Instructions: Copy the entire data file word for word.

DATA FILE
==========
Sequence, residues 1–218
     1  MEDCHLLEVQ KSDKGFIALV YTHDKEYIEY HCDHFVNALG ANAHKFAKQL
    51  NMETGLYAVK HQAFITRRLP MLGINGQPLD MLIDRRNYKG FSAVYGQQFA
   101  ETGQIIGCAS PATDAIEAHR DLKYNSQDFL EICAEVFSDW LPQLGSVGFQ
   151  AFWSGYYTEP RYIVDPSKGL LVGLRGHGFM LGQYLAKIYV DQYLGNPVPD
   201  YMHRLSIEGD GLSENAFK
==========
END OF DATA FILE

Sequence, residues 1–218
     1  MEDCHLLEVQ KSDKGFIALV YTHDKEYIEY HCDHFVNALG ANAHKFAKQL
    51  NMETGLYAVK HQAFITRRLP MLGINGQPLD MLIDRRNYKG FSAVYGQQFA
   101  ETGQIIGCAS PATDAIEAHR DLKYNSQDFL EICAEVFSDW LPQLGSVGFQ
   151  AFWSGYYTEP RYIVDPSKGL LVGLRGHGFM LGQYLAKIYV DQYLGNPVPD
   201  YMHRLSIEGD GLSENAFK